Keyword: Alexandre Benalla
Concerns have been raised privately within the French justice system about the involvement of the government and in particular the Élysée in picking the successor to Éliane Houlette as head of the country's national financial crimes prosecution unit, the Parquet National Financier (PNF). This is because the PNF is currently handling two investigations which are particularly sensitive for the presidency. One is into the Russian security contracts involving former Élysée security aide Alexandre Benalla. The other probe is into President Emmanuel Macron's chief of staff Alexis Kohler over an alleged conflict of interest. Fabrice Arfi, Michel Deléan and Antton Rouget report.
Prosecutors drop probe involving three current and former officials in the president’s office in connection with the so-called Benalla affair'.
A senior reporter from French daily Le Monde has been summoned for questioning later this month by the French domestic intelligence agency, the DGSI, over her investigations into the relationships of President Emmanuel Macron’s disgraced former aide, Alexandre Benalla. The move follows a recent attempt by the Paris public prosecution services to carry out a search of the offices of Mediapart, also following its reports into Benalla’s covert activities, and separate summonses for questioning this month by the DGSI of journalists who revealed the French government’s false claims denying the offensive use of French-made weapons in the war in Yemen. Fabrice Arfi, of Mediapart’s investigative reports team, details the new offensive against journalists who champion the public’s right to know, and the person leading the campaign against them, namely chief Paris public prosecutor Rémy Heitz.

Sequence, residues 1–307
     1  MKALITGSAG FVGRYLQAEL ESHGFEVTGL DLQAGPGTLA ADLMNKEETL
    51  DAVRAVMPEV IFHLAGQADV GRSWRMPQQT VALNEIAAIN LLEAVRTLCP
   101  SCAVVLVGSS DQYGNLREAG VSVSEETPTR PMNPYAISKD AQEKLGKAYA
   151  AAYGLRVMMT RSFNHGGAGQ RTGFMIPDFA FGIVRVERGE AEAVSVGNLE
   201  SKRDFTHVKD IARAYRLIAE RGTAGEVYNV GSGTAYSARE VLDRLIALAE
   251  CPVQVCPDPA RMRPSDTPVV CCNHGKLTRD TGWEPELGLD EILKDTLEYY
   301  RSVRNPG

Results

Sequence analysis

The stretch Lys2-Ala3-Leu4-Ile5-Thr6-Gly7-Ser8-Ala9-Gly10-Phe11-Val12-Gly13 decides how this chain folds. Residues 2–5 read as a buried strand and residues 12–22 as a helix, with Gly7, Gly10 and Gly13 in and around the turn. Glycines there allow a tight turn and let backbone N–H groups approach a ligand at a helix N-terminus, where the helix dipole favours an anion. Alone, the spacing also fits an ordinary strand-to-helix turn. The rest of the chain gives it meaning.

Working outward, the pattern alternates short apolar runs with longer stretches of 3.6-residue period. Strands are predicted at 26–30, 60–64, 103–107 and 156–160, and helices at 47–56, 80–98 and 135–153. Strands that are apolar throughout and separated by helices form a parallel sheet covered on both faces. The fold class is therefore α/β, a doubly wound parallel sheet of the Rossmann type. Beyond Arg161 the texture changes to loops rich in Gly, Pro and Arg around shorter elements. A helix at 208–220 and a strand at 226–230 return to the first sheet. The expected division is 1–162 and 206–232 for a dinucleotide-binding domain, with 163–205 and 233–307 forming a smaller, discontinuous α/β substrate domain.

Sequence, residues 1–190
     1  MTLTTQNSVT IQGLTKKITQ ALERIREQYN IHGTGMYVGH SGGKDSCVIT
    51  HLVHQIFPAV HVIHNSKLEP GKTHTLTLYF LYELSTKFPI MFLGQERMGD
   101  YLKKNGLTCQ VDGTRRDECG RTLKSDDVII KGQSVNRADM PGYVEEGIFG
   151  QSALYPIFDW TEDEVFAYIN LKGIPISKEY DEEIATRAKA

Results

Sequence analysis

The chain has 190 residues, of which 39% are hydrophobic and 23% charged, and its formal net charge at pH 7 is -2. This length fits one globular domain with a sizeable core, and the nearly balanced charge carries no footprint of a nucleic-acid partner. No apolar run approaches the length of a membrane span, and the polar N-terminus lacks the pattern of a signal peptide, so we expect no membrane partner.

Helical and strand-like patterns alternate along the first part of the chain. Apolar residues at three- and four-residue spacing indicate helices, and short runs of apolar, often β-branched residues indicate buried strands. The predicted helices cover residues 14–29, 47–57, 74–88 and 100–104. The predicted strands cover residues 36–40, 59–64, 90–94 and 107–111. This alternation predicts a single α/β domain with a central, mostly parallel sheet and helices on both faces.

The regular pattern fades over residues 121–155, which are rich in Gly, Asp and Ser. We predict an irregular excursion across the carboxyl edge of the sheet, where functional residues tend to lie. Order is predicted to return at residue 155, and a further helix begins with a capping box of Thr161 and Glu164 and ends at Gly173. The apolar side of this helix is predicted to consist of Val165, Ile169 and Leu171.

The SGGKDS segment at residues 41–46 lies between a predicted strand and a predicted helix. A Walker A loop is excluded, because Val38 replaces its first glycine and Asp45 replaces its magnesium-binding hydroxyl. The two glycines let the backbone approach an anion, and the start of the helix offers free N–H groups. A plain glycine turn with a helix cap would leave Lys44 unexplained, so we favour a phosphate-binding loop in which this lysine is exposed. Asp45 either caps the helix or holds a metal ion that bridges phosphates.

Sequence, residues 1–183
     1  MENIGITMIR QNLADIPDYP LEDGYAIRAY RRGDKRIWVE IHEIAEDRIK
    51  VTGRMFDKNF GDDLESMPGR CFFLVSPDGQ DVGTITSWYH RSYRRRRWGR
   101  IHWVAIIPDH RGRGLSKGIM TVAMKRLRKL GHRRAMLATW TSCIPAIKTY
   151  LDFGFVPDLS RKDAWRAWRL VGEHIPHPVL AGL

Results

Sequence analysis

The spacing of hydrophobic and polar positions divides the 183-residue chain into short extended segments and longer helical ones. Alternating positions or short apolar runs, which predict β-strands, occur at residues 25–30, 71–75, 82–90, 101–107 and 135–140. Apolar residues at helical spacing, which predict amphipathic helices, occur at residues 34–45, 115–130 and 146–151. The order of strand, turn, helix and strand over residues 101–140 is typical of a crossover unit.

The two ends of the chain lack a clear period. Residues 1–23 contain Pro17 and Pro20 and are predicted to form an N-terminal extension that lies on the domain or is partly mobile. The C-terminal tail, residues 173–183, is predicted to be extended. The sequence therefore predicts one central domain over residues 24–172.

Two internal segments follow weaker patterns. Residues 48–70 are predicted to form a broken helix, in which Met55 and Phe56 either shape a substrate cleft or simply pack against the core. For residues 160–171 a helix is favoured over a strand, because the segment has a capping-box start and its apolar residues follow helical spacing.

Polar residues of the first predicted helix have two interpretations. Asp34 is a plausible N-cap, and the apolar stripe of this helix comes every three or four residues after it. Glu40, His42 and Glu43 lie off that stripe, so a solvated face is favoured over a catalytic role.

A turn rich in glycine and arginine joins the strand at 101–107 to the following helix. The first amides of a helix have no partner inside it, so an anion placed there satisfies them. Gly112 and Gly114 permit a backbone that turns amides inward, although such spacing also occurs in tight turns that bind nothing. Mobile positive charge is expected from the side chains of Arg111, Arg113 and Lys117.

The French domestic intelligence service, the DGSI, has summoned for questioning Ariane Chemin, a senior reporter with French daily Le Monde, over her investigations into the relationships of President Emmanuel Macron's security aide Alexandre Benalla, bringing to five the number of journalists the spy agency has recently summoned following reports embarassing the government.
In the unfolding saga of the Benalla affair, which involves President Emmanuel Macron's sacked security aide Alexandre Benalla, one man played a key role in the shadows. He is French middleman Jean-Louis Haguenauer, the man behind the Russia security contract negotiated by Benalla while the latter was still working as a key aide at the Élysée. Mediapart can reveal how over a period of 30 years Haguenauer cultivated a network of contacts in Russia, including close links with the Russian secret services. Fabrice Arfi, Antton Rouget and Marine Turchi report.
In one of the sharpest confrontations in years between France’s powerful executive and its parliament, the Senate announced on Thursday it had referred Macron’s top aide Alexis Kohler, his chief of staff Patrick Strzoda and Lionel Lavergne, the Elysée’s top security official, to prosecutors for withholding information from an investigation into Macron’s former bodyguard Alexandre Benalla.
The long-running and still unfolding saga of the scandal surrounding Emmanuel Macron’s former close security aide Alexandre Benalla has prompted serious questions over the French president’s judgement about, and relationship with, his bodyguard, and also the secretive workings of the Élysée Palace and its senior staff. Those questions are heightened with documents revealed here by Mediapart, and the account of a former minister and his senior aide – who commented that Macron's entourage "didn’t protect him sufficiently” from a young man whose rise to prominence in the presidential office almost beggars belief.
Mediapart is not a back-room intelligence agency but a news-gathering organization. We do not spy on anyone nor do we install secret microphones, writes Mediapart publishing editor Edwy Plenel. We are content with revealing information in the public interest while respecting press laws. That is true in the current affair involving President Emmanuel Macron's security aide Alexandre Benalla just as it was in the earlier Bettencourt, Sarkozy-Gaddafi and Cahuzac affairs, he says.